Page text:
Giant (2010): Mid-Point Review

Let’s start this review off with a bold proclamation. After watching the first 24 episodes, I am unequivocally in love with Giant. With that said, I shall attempt to justify my sentiment with a semblance of reason and logic (but if you look at that kiss above, I think it says enough by itself).

The year 2010 has whizzed right by us. Already August has arrived, and our drama consumption has passed the halfway mark. I’ve watched less than a quarter of the K-dramas which aired this year, but through the grapevine have heard chatter here and there about the ones I’ve not watched.

Life is too short, and I am too busy. I watch only what appeals to me, even if something is genuinely stellar. For instance, I’m not planning to pick up Comrades (anytime soon) because war productions are really so hard for me to enjoy. But I’ve been told it’s likely the best drama this year.

Along the same vein, when I give a recommendation for a drama, it’s really to extol its virtues rather than as a push for everyone to watch it. Some genres and subject matters are just not going to be your cup of tea, and I totally get that.

Whatever I say in this review about Giant, take it for what it’s worth – the rabid fangirling of a crazed koala who loves sprawling period epics, and has just discovered her koala-nip.


I just spent the last few days marathoning a drama that about hit the mid-point in its scheduled run (it just aired episode 24 out of 50). Yes, I’ve been on a warpath consuming episode after episode of Giant, a drama about a man climbing to the top of a heap of power players building up Korean infrastructure in the 70s and 80s, while exacting revenge on the people responsible for his and his family’s tragic plight.

I hesitated to start watching it when it began airing, after being burned watching East of Eden. Then Thundie amusingly shared some snippets of its rather heavy-handed first few episodes, and I hesitated further. Recently word came to me that Giant was getting better and better, and was really firing on all cylinders (so says Thundie!). I made a vow that I was going to catch up before the episode count grew too unwieldy for me to marathon without fear of my eyeballs falling out from fatigue.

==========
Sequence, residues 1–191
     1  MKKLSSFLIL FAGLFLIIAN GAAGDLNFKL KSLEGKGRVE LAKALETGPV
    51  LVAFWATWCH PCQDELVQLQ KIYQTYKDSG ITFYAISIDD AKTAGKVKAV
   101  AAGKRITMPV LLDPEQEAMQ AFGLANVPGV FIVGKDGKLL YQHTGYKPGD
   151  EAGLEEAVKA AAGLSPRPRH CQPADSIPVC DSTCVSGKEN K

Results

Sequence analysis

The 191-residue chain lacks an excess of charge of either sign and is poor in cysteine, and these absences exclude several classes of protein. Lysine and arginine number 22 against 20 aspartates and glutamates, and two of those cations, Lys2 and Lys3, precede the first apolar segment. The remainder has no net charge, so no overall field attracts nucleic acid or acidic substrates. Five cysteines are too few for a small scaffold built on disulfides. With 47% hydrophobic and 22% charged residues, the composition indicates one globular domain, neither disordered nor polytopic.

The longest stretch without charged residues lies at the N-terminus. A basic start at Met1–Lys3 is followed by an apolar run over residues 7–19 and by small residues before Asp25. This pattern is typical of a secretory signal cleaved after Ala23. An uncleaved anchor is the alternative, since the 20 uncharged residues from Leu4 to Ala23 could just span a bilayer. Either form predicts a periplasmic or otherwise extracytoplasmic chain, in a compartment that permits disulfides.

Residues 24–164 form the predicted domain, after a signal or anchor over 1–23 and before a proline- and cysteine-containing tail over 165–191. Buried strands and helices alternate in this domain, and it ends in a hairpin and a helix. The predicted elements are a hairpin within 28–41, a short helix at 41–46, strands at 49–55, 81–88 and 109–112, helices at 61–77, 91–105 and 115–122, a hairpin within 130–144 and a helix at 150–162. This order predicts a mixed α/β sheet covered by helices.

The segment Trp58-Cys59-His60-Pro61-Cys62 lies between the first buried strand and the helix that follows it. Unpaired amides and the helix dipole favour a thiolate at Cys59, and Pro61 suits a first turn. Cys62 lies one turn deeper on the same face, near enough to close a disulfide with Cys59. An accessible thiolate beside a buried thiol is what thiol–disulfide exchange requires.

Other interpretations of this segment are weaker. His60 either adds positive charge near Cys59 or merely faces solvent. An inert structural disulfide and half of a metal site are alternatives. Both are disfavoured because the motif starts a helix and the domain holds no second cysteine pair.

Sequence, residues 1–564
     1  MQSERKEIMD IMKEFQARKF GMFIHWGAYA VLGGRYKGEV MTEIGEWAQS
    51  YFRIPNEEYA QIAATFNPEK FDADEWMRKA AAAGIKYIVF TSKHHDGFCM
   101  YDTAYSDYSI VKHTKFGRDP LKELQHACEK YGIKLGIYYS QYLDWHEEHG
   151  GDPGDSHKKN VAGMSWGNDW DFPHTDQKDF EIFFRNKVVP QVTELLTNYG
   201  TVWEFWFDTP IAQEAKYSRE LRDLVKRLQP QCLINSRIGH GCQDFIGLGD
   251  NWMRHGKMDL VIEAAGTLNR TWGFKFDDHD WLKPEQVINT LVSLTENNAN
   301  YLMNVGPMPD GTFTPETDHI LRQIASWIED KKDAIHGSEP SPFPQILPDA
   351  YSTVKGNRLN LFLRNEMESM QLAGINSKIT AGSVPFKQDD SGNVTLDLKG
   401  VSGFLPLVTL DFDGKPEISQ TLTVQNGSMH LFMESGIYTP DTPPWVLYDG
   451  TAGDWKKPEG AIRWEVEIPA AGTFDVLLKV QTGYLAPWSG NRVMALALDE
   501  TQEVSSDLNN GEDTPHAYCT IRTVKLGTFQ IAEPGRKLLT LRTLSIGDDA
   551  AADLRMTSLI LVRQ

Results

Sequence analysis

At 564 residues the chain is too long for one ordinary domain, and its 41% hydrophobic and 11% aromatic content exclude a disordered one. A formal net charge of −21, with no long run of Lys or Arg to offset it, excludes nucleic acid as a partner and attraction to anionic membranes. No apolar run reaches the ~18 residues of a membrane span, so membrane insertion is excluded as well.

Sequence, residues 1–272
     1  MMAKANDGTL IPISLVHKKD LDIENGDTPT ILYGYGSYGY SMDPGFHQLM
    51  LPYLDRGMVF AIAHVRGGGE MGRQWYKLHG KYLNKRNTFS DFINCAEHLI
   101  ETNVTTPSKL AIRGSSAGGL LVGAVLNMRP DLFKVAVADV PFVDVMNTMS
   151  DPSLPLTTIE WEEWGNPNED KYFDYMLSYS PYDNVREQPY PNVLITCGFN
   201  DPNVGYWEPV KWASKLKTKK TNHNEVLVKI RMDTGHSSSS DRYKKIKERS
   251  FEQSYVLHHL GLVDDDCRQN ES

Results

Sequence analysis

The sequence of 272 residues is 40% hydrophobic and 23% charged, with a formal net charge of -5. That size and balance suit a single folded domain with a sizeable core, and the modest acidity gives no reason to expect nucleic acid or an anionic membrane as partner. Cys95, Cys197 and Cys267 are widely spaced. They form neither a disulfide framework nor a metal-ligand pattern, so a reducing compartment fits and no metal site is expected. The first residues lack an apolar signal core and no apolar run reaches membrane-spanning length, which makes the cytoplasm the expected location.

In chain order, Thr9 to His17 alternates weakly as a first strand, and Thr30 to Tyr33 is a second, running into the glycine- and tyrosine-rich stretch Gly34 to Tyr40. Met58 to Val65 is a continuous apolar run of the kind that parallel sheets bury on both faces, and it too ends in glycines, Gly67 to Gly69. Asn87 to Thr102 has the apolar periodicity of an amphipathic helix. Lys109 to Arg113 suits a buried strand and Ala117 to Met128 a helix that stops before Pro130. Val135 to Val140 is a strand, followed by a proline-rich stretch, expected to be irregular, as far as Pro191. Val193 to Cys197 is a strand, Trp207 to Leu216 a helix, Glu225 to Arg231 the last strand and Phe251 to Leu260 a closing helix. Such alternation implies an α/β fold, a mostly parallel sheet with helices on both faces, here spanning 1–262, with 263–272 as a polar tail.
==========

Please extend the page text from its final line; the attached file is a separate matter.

Giant has been steadily climbing in ratings, premiering in the high single digit, and as of episode 24, passing the 20 percent mark. That is one empirical indicator that this is not a drama carried by initial popularity and coasting on inertia. It started off slow and under-the-radar, building viewership by using good writing, acting, and execution to convince more viewers to climb on board week after week. With that said, let’s dig into that Giant steak, shall we?

Are you ready to enter the world of Giant?

Giant has already become my favorite K-drama so far in 2010, and barring the complete and utter collapse of its writing in the second half, likely may stay there. Of course, I find 2010 rather lean in great drama offerings, so take my praise of Giant for what it’s worth.

I have no clue how Giant will stack up overall against all other K-dramas, primarily because it’s not done airing yet, and because I haven’t thought so far ahead. But what I have seen is so good, I decided on impulse to write a mid-point review, which I’ve never attempted before.

The two reasons being: (1) it’s a 50 episode drama, and writing a review after it’s done airing might simply sap all my emotional energy, and (2) it’s a 50 episode drama, and I’m hoping that by writing a review now, it may encourage folks who find this genre and subject matter interesting to check it out.

This is not a review as much as I am going to perform inception on you (did I just contradict what I said above about not trying to convince you to watch dramas I review – yes, I sure did, and please accept this as an exception to the golden koala rule).

I am warning you in advance that my goal is to plant a kernel in your head that Giant simply begs to be watched. But I will do so in a way that you will think that you willingly made the decision to watch it. Can I do it? Well, ockoala shares three letters in common with Dom Cobb – in short, I shall try my utmost to succeed.

Bad luck – it sure does suck

For those of you wondering how Giant starts off (and it starts off with so much ill tidings raining down on our hapless protagonists they need a Giant umbrella – har har, pardon the pun), please read Thundie’s first-impressions recap of the first four episodes.

Have you done that? Good, now promptly erase it from your mind. Because while I agree 100% with every word Thundie wrote, the fact that the drama starts off beating us silly with tragedy doesn’t matter in the grand scheme of things.

Giant is a 50 episode epic, and with that comes certain requirements that simply must exist in order for the drama to work. How can you make a soufflé if you don’t first make a mess of whisking all the egg whites? After the soufflé comes out of the oven, are you going to begrudge the messy start of this exquisite dessert? I think not.

Like all sweeping period epics, Giant invariably starts with enough pathos, agony, and tragedy to fell five hundred thirteenth century conquering Mongolians. Yes, it’s just a tad over the edge of possibility that so much misfortune can befall each member of the simple hardworking Lee family. But it’s a necessary evil plot requirement, so we accept the bitter (overwrought plot confluences) with the sweet (shockingly touching moments).